Brexit, Presidential Executive Orders and the Rule of Law: A discussion on the limits of executive power

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What are the limits of executive power in a society under the rule of law? How do laws restrict the decisions of those in power? In the United States, President Trump’s executive orders on immigration and travel bans have been blocked by federal judges. In the United Kingdom, the government continues to face legal challenges in implementing Brexit.

Join us to learn about how the rule of law, a system in which all people and institutions are subject to the same laws, has checks and balances in place to limit arbitrary exercises of power. The Law Society’s first Annual Rule of Law Lecture Series features speakers Anne Egeler, Deputy Solicitor General of Washington State and Richard Gordon, QC, lead counsel for Wales in the high-profile Brexit case Miller v. Secretary of State for Exiting the European Union.

Event information

Wednesday, May 31, 2017, 6 to 7:30 pm
UBC Robson Square, Theatre
800 Robson Street, Vancouver, BC
Coffee, tea and light refreshments will be served.
See the event flyer.

Free admission. Registration is required.
To RSVP for the event, email policy@lsbc.org or call 604.443.5772.

Attendance at this event provides one hour of continuing professional development credits for lawyers.

Speakers


Anne Egeler

Anne Egeler is a Deputy Solicitor General in the Washington State Attorney General’s Office. She specializes in appellate practice and has argued a wide range of constitutional and elections issues in the federal and state court systems. Currently, she is part of the Washington attorney team challenging President Trump’s Executive Orders on immigration. In 2014, Anne was selected as a Supreme Court Fellow by the National Association of Attorneys General to study the United States Supreme Court and submit amicus briefs on behalf of the states. In addition to her work with the Attorney General’s Office, Anne participates in judicial candidate evaluations on behalf of Washington Women Lawyers’ Capital Chapter and serves on the board of Thurston County Volunteer Legal Services.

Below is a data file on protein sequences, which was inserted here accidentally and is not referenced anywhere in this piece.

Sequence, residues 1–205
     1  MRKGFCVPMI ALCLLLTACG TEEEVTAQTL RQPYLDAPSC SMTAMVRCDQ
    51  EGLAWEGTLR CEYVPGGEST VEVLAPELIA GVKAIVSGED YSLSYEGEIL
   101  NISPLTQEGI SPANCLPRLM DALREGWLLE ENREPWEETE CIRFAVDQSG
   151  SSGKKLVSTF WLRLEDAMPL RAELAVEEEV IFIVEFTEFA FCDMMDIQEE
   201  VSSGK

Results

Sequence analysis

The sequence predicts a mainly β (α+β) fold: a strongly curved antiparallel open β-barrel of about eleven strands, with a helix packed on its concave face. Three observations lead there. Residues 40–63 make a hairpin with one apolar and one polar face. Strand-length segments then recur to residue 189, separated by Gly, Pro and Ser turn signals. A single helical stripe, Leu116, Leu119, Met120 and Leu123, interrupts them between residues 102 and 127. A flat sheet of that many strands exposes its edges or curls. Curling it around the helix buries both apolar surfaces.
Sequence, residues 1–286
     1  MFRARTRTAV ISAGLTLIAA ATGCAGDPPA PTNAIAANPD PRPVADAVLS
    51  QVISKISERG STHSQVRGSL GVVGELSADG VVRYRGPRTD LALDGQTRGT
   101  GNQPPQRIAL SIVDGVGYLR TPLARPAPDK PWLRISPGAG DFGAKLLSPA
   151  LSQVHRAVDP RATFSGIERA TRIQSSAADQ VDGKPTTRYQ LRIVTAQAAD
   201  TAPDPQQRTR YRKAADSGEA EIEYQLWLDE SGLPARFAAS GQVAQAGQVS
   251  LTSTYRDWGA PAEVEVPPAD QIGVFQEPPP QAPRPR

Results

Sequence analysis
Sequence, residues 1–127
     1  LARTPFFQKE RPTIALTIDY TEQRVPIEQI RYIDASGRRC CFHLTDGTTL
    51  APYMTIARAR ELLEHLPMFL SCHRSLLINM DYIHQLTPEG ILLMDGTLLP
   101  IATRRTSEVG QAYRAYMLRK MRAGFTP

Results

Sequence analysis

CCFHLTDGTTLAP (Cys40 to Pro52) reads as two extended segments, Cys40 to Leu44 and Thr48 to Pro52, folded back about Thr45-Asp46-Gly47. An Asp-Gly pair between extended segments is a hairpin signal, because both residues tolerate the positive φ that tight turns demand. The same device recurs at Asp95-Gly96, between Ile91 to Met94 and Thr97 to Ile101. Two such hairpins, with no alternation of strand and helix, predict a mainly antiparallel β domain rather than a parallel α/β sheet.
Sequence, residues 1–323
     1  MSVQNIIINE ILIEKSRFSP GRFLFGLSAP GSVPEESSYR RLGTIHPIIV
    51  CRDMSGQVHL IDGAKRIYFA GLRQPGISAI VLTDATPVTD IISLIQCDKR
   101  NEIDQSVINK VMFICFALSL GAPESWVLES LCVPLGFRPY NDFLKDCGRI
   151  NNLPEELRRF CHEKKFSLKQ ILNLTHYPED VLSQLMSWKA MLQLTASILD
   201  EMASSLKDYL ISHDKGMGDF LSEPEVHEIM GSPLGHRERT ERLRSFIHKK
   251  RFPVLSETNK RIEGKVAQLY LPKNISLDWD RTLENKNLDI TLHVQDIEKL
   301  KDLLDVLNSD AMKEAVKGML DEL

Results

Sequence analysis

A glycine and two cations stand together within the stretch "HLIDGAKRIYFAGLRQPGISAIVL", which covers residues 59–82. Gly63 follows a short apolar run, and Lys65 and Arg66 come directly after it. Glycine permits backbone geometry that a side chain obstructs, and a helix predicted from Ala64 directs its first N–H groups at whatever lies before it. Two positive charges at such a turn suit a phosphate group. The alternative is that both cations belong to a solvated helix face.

Richard Gordon, QC

Richard Gordon, QC is a practising barrister specializing in constitutional and administrative law. He has appeared in a large number of landmark cases including, most recently, as leading counsel for Wales in the high-profile Brexit case of Miller v. Secretary of State for Exiting the European Union. He was also Counsel retained by the Electoral Commission to advise the Commission over the conduct of the 2016 EU referendum leading to the Brexit vote. He regularly appears in appellate courts in the United Kingdom and has argued three cases in the Supreme Court in the last few months. He is a Visiting Professor at University College London and Hong Kong University and has lectured in Australia and New Zealand on public law. He is also the author of many works, including EU Law in Judicial Review (OUP, 2014), Repairing British Politics: A Blueprint for Constitutional Change (Hart, 2010) and was a contributor to the festschrift for Vernon Bogdanor The British Constitution: Continuity and Change (Hart, 2013).